- Sean Cayton
- The Hayman Fire in its early stages photographed from the Pikes Peak Highway.
As a journalist, covering wildfires is just plain hard work. Driving to locations was difficult, not to mention accessing an area with an active wildfire. Local fire officials almost never allow you in and federal wildfire management teams aren’t much better.
Unless the wildfire is contained or put out quickley, you have to work for days and sometimes weeks on end.
Then there is the problem of scale. Unless you're photographing things from the air, it’s virtually impossible to photograph a natural disaster like a wildfire and capture the sheer size of the destruction it brings with it in one image.
That summer was the first year I began using a digital camera for journalism assignments. Unlike my film cameras, I didn’t have to process and scan film to send off to the newspaper. I could take a nearly limitless number of photographs.
I used that to my advantage when covering the wildfires — making a series of pictures and stitching them together as panoramas. While these pictures never got published by the newspapers I was shooting for, I liked the results.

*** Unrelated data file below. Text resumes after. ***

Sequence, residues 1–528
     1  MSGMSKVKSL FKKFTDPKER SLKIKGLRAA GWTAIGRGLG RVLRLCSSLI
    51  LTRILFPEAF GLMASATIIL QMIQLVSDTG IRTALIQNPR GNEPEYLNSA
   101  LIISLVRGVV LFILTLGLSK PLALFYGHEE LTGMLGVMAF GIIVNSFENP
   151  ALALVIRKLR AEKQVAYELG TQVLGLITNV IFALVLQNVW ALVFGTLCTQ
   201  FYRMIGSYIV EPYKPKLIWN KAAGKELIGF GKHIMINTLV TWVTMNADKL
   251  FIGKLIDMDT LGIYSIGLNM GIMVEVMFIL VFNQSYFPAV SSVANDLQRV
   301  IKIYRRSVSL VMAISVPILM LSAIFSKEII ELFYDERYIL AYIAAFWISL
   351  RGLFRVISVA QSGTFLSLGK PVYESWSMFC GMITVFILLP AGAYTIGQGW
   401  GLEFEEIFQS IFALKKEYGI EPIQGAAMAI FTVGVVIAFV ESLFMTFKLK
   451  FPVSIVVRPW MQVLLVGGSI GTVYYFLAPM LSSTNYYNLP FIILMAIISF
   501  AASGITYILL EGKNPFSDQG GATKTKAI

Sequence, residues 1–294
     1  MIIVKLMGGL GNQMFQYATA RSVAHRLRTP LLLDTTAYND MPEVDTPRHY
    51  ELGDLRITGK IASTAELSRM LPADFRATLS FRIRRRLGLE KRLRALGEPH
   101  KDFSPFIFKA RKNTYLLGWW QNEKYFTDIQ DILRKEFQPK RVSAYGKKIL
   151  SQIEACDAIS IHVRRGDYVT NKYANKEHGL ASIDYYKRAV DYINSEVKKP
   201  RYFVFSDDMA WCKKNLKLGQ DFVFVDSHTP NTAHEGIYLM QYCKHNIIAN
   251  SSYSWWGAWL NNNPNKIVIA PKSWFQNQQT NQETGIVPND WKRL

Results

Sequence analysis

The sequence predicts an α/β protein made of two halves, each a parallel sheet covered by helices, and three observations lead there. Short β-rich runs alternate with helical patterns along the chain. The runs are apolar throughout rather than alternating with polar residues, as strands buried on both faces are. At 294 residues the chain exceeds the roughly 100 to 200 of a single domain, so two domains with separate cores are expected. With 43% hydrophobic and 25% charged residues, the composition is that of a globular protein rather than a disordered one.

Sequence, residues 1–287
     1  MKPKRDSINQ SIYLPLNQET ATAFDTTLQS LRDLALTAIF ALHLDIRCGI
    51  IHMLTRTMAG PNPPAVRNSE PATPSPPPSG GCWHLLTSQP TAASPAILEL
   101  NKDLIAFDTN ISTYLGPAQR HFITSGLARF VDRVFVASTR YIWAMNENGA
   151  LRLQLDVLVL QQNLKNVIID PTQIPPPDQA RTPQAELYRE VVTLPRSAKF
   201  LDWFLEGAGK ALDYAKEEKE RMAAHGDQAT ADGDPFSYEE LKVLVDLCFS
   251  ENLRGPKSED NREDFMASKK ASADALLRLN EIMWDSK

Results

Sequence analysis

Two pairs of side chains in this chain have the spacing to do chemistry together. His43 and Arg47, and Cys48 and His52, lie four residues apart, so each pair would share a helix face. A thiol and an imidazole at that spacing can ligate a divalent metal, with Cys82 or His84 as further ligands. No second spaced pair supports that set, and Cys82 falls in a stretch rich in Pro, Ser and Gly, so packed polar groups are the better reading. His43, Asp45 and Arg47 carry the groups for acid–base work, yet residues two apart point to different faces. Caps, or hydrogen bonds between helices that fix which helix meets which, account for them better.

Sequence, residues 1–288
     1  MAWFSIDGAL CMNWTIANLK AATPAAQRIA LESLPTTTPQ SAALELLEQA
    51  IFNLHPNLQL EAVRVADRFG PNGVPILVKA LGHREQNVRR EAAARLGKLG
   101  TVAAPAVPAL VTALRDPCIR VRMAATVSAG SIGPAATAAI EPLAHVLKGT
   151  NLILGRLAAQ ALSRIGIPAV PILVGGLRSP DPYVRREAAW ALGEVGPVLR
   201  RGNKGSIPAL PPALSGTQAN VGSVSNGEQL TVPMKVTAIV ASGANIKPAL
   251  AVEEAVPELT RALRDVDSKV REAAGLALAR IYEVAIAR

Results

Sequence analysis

The panoramas, I think, help to convey the size of these natural disasters and the devastation they can bring to an area.
It's always a waiting game every summer to see how dry it will get. Here's hoping this summer doesn't get like 2002 and I won't need to photograph the destruction that an out-of-control wildfire can bring.
Sean Cayton is a wedding photojournalist of 19 years and operates a successful, award-winning wedding photography studio in Colorado Springs. He's also an award-winning photojournalist. Sean is happily married to the love of his life (also his business partner) and is father to three beautiful children. When he’s not working, Sean can be found outside flying kites with his kids, hitting golf balls or casting a fly rod to hungry trout.